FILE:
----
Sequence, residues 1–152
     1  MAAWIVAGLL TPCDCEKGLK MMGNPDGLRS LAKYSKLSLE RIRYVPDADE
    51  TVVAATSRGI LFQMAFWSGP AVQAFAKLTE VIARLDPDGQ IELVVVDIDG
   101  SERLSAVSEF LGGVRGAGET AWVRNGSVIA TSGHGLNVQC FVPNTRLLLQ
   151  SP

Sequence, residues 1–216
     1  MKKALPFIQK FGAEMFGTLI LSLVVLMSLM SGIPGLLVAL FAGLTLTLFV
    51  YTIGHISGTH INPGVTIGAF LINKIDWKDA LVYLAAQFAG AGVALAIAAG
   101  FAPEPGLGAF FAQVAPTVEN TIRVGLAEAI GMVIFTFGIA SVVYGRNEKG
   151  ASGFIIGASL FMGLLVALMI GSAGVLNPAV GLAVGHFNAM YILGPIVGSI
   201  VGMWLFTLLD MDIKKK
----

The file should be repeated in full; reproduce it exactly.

Sequence, residues 1–152
     1  MAAWIVAGLL TPCDCEKGLK MMGNPDGLRS LAKYSKLSLE RIRYVPDADE
    51  TVVAATSRGI LFQMAFWSGP AVQAFAKLTE VIARLDPDGQ IELVVVDIDG
   101  SERLSAVSEF LGGVRGAGET AWVRNGSVIA TSGHGLNVQC FVPNTRLLLQ
   151  SP

Sequence, residues 1–216
     1  MKKALPFIQK FGAEMFGTLI LSLVVLMSLM SGIPGLLVAL FAGLTLTLFV
    51  YTIGHISGTH INPGVTIGAF LINKIDWKDA LVYLAAQFAG AGVALAIAAG
   101  FAPEPGLGAF FAQVAPTVEN TIRVGLAEAI GMVIFTFGIA SVVYGRNEKG
   151  ASGFIIGASL FMGLLVALMI GSAGVLNPAV GLAVGHFNAM YILGPIVGSI
   201  VGMWLFTLLD MDIKKK